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Yesterday morning, at the Fifth International Meeting on Synthetic Biology at Stanford University, a representative from the DARPA announced a new program called Living Foundries that will invest in and develop synthetic biology projects.
DARPA wants to open up the periodic table so that cells can make, for example, efficient semiconductor materials.
the level of ambition of this program is in line with previous DARPA initiatives, one of which played a crucial role in the creation of the Internet.
When asked for further comment after her talk to clarify the funding levels and timelines for this blue-sky project, Jackson said she cannot disclose further details.
Through an engineering-driven approach to biology, Living Foundries aims to create a rapid, reliable manufacturing capability where multiple cellular functions can be fabricated, mixed and matched on demand and the whole system controlled by integrated circuitry, opening up the full space of biologically produced materials and systems.
Originally posted by LiberatingMinds
When DAPRA tells you they are funding something, it is safe to assume that they have been funding it for years and now the research is so far along they are comfortable with publicly announcing it.
Key to success will be the democratization of the biological design and manufacturing process, breaking open the field to those outside the biological sciences.
Perhaps super soldiers may not be far off after all, if efforts such as DARPA's "Inner Armor" project find success. Consider efforts to give humans the extreme abilities of some animals, such as the high-altitude conditioning of the bar-headed Goose that has been known to crash into jet aircraft at more than 34,000 feet. Scientists are also eying the Steller sea lion, which redirects blood flow away from non-critical organs during deep sea dives and reduces oxygen demand.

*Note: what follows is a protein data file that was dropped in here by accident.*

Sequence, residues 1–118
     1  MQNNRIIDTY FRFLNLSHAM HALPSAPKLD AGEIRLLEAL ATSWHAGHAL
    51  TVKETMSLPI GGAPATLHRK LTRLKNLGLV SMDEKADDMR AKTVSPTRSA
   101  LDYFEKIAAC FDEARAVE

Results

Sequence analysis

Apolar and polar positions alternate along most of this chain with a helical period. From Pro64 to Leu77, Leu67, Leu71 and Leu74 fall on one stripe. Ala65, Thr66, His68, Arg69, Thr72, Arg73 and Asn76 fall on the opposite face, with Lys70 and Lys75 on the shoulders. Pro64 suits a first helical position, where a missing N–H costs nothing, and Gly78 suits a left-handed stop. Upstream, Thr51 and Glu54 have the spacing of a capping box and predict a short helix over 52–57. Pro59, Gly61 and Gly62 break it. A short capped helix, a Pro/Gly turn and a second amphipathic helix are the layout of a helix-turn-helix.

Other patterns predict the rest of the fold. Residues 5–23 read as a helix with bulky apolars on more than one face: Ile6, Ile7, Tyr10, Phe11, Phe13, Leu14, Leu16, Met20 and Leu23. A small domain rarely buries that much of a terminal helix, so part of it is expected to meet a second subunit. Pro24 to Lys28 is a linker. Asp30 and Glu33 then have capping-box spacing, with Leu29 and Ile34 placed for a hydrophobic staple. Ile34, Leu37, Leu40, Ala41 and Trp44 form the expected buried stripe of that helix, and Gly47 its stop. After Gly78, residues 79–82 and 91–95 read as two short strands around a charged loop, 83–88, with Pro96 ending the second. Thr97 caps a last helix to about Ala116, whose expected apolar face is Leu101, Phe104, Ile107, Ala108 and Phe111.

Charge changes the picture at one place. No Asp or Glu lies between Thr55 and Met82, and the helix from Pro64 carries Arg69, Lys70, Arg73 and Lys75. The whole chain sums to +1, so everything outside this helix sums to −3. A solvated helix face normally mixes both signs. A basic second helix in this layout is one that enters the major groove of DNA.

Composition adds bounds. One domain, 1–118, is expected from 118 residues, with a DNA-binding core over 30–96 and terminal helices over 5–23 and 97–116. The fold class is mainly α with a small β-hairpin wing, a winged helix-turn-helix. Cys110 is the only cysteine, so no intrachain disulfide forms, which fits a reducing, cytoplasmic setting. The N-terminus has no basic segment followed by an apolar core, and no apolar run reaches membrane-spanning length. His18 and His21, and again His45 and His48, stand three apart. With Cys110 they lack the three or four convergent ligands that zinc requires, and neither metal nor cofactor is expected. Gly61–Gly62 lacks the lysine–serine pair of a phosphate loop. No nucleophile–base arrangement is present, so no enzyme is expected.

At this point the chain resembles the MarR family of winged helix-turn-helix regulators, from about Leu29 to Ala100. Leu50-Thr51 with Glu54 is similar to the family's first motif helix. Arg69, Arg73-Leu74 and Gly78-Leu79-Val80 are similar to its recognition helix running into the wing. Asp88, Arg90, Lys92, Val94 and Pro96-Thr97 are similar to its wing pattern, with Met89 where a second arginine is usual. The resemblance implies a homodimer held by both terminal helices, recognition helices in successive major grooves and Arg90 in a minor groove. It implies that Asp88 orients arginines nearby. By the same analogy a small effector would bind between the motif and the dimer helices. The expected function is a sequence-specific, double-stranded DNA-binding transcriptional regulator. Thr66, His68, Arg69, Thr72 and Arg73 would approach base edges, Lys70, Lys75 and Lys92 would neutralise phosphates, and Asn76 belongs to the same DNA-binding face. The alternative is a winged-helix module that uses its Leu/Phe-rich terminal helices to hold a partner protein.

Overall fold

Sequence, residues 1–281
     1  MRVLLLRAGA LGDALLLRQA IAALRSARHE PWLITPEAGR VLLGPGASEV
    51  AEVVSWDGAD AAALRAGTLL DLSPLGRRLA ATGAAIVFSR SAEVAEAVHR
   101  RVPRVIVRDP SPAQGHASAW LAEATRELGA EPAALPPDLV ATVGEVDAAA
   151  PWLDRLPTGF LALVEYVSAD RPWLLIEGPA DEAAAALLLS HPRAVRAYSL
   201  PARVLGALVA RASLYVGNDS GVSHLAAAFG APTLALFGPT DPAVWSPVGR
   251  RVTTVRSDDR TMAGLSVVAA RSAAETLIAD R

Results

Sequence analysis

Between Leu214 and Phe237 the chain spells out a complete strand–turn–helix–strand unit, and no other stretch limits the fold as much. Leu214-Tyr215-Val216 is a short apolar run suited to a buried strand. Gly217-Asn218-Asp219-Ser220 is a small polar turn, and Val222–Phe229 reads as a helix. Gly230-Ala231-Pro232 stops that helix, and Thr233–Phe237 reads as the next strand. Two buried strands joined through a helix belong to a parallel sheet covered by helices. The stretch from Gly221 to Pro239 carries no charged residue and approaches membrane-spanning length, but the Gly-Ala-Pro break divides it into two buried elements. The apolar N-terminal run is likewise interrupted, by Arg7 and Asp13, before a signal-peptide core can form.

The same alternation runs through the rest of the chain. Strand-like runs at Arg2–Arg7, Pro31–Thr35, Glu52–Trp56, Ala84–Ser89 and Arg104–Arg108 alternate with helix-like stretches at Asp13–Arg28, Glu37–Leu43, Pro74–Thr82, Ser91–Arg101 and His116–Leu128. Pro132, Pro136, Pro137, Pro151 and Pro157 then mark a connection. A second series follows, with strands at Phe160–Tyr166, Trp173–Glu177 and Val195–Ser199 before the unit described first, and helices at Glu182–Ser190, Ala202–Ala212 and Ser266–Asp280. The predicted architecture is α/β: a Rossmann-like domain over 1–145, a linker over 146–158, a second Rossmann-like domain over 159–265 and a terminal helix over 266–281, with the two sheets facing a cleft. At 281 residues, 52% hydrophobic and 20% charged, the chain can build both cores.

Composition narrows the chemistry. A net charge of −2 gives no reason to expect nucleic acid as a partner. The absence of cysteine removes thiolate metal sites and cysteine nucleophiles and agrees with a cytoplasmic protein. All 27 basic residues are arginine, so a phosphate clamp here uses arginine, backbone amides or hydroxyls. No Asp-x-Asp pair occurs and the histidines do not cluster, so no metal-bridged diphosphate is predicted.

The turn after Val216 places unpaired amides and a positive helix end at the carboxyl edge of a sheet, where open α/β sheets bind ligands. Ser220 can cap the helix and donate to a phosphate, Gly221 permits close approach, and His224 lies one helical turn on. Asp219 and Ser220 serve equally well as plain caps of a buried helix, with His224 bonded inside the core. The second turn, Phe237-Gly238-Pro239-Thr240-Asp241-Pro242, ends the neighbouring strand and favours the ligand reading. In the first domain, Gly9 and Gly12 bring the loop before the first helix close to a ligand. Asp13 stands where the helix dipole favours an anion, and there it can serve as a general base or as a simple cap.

"I do not accept that our soldiers cannot physically outperform the enemy on his home turf," said Dr. Michael Callahan, who heads the project at DARPA's Defense Sciences Office, during a 2007 presentation. The goal is to make soldiers "kill-proof" against all sorts of conditions, including infectious diseases, chemical, biological and radioactive weapons, temperature and altitude extremes, and harsh natural environments. Sounds like a certain mutant superhero. www.livescience.com...
Darpa is looking to re-write the laws of evolution to the military’s advantage, creating “synthetic organisms” that can live forever — or can be killed with the flick of a molecular switch.
As part of its budget for the next year, Darpa is investing $6 million into a project called BioDesign, with the goal of eliminating “the randomness of natural evolutionary advancement.” The plan would assemble the latest bio-tech knowledge to come up with living, breathing creatures that are genetically engineered to “produce the intended biological effect.” Darpa wants the organisms to be fortified with molecules that bolster cell resistance to death, so that the lab-monsters can “ultimately be programmed to live indefinitely.”www.wired.com...
Originally posted by lokdog
reply to post by burntheships
So if im reading that correctly, they are going to make people immortal? Soldiers that cant be killed. They really are pushing science, how realistic that any of this actually works is my question.
Originally posted by Pervius
DARPA.....monkey controlled a robotic arm with nothing but his brain....
Look at the guys arm in the video. At what year did latex gloves look like that? Thick...heavy.....not like todays super thin made overseas variants.......
Artificial Life Forms became a reality once they figured out the brain to computer interface. Heh jim bob has cancer eating his body and he died....plop out his brain and plug it in to the mainframe....jim bob's still alive...not a human now but....an artificial life form.
Originally posted by Johnze
As long as this means i can harvest my clone for organs at random points in the near future or switch my memorys between them then im all for DARPA and there questionable research.